The Secretary shall make available to the public—
the evaluations required under paragraph (1); and
the reports required under subsection (e)(2)(C).
No funds made available to an eligible entity under this section may be used by such entity to provide access to sexual health services that—
withhold sexual health-promoting or life-saving information;
are medically inaccurate or have been scientifically shown to be ineffective;
promote gender stereotypes;
are insensitive or unresponsive to the needs of young people, including—
youth with varying gender identities, gender expressions, and sexual orientations;
sexually active youth;
pregnant or parenting youth;
survivors of sexual abuse or assault; and
youth of all physical, developmental, and mental abilities; or
are inconsistent with the ethical imperatives of medicine and public health.
Transfer of funds
Any unobligated balance of funds made available under section 510(d) of the Social Security Act (42 U.S.C. 710(d)) (as in effect on the day before the date of the enactment of this Act) are hereby transferred and made available to the Secretary to carry out this Act. The amounts transferred and made available to carry out this Act shall remain available until expended.
In this section:
The term community organization includes a State or local health or education agency, public school, youth-focused organization that is faith-based and community-based, juvenile justice entity, or other organization that provides confidential and appropriate sexuality education or sexual health services to marginalized youth.
The term eligible entity includes a State or local health or education agency, public school, nonprofit organization, hospital, or an Indian tribe or tribal organization (as such terms are defined in section 4 of the Indian Self-Determination and Education Assistance Act (25 U.S.C. 5304)).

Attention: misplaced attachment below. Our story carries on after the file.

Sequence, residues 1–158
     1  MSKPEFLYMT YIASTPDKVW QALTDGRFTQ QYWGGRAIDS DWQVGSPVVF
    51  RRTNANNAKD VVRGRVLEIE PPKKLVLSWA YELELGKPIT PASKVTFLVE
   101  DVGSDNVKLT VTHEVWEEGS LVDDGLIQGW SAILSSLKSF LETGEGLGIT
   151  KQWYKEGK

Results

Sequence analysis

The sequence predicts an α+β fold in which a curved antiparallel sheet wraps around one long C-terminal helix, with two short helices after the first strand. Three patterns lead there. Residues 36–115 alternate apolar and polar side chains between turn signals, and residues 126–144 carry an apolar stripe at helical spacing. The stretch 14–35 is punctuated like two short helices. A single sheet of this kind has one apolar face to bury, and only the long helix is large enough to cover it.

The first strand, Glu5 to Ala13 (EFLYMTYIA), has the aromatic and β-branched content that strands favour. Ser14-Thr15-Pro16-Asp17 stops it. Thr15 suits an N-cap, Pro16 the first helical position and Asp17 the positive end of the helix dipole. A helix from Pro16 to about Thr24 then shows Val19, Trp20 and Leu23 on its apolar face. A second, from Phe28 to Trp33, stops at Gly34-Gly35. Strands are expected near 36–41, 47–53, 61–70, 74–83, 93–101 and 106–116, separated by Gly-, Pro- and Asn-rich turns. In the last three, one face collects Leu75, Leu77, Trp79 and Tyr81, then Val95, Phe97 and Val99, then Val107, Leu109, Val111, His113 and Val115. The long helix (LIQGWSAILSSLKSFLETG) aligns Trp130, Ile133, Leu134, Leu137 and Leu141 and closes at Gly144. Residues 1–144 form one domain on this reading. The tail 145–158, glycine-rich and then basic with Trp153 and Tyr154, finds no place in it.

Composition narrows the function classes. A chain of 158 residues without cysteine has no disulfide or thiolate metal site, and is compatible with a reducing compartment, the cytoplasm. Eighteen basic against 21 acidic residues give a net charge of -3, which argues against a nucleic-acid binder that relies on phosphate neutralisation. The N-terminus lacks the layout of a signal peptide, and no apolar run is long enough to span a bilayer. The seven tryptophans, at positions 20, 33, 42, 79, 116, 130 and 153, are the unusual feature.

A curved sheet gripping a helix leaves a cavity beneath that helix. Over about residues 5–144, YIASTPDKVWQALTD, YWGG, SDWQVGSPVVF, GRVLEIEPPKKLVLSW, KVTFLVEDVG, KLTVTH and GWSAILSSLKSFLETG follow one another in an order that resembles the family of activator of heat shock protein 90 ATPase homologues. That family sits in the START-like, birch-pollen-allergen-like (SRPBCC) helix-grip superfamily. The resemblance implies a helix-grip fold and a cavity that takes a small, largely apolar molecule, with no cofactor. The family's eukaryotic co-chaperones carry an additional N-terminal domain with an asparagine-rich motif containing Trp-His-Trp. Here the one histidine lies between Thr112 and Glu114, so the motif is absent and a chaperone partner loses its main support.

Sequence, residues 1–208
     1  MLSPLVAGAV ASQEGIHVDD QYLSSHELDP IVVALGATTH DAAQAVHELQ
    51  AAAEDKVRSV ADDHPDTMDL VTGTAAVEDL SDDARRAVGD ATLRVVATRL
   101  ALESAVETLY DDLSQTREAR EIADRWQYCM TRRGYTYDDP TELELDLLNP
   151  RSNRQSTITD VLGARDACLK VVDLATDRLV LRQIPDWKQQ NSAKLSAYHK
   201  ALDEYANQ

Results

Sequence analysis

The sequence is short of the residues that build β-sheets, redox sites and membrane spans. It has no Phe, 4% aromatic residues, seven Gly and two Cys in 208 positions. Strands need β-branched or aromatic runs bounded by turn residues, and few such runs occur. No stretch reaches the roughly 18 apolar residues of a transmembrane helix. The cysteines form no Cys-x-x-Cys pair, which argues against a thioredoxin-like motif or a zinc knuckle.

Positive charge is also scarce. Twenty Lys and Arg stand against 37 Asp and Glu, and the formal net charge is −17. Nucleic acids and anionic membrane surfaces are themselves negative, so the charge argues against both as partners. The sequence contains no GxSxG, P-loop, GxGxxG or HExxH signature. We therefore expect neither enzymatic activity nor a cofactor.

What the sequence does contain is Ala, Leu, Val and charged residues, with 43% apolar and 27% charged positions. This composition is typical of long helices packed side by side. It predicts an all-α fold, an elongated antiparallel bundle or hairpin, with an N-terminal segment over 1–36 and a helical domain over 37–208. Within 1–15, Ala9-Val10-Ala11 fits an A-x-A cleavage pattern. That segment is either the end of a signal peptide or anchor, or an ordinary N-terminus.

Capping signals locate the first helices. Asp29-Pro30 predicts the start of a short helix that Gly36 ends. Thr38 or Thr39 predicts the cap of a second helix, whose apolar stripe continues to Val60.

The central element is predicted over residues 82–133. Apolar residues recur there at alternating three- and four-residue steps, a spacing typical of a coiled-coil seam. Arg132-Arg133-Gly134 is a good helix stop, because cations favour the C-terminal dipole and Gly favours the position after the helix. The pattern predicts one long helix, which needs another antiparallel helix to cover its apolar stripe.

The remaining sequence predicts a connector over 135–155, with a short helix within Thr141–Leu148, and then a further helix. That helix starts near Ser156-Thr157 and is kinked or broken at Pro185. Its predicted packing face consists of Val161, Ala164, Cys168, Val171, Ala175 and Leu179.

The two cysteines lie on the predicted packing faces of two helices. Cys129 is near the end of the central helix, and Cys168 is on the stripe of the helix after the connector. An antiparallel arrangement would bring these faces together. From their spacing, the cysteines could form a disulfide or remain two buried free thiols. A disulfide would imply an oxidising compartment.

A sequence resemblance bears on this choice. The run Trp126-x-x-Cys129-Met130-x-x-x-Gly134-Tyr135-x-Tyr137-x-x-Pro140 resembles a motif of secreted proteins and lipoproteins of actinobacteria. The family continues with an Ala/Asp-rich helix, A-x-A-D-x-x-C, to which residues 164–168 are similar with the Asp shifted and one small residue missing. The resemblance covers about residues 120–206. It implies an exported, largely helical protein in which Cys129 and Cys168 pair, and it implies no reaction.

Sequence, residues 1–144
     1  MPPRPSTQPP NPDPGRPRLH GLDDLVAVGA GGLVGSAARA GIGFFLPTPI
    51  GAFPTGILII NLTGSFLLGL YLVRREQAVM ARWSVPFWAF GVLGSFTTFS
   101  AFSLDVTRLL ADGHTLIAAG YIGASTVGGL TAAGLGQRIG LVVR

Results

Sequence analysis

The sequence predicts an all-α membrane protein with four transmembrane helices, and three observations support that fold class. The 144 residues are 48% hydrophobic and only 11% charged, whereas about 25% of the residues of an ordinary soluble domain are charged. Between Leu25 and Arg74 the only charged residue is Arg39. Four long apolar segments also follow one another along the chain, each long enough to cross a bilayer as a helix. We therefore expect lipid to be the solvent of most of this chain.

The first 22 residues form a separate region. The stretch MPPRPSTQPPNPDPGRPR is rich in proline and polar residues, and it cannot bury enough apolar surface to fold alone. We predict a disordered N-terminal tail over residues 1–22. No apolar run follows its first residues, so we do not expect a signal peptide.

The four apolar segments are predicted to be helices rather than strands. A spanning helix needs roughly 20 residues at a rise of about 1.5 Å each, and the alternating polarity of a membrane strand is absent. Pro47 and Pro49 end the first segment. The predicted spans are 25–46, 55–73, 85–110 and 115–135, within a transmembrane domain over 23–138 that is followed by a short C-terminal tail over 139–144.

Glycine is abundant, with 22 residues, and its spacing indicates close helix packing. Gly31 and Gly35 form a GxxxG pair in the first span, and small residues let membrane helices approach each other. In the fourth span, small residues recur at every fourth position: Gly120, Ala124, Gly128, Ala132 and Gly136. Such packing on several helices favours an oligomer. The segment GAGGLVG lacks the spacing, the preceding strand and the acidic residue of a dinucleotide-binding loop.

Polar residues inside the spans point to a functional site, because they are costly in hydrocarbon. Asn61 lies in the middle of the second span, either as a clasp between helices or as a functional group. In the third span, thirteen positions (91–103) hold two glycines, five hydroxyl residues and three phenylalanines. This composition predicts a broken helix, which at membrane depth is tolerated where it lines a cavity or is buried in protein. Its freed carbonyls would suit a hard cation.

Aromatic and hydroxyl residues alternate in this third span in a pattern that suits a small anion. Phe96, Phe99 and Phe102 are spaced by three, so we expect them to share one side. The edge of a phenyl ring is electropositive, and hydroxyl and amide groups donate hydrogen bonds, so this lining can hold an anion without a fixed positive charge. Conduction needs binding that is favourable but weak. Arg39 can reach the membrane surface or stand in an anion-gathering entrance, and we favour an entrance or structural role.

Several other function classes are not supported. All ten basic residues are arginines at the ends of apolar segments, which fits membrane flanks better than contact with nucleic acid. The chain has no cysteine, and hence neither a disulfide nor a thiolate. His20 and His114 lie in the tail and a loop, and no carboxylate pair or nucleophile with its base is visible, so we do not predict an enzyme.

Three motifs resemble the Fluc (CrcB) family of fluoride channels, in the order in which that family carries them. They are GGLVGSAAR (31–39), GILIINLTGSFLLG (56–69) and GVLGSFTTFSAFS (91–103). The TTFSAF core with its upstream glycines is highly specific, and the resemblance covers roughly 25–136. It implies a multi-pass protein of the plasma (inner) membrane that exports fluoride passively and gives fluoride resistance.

The term marginalized youth means a person under the age of 26 that is disadvantaged by underlying structural barriers and social inequity.
Medically accurate and complete
The term medically accurate and complete, when used with respect to information, means information that—
is supported by research and recognized as accurate, objective, and complete by leading medical, psychological, psychiatric, or public health organizations and agencies; and
does not withhold any information relating to the effectiveness and benefits of correct and consistent use of condoms or other contraceptives and pregnancy prevention methods.
Scientifically effective strategy
The term scientifically effective strategy means a strategy that—
is widely recognized by leading medical and public health agencies as effective in promoting sexual health awareness and healthy behavior; and
has been demonstrated to be effective on the basis of rigorous scientific research; or
incorporates characteristics of effective programs.
The term Secretary means the Secretary of Health and Human Services.
Sexual health services
The term sexual health services includes—
sexual health information, education, and counseling;
condoms and other barrier methods to prevent pregnancy or sexually transmitted infections;
routine gynecological care, including human papillomavirus (HPV) vaccines and cancer screenings;
pre-exposure prophylaxis or post-exposure prophylaxis;
mental health services;
sexual assault survivor services; and
other prevention, care, or treatment services.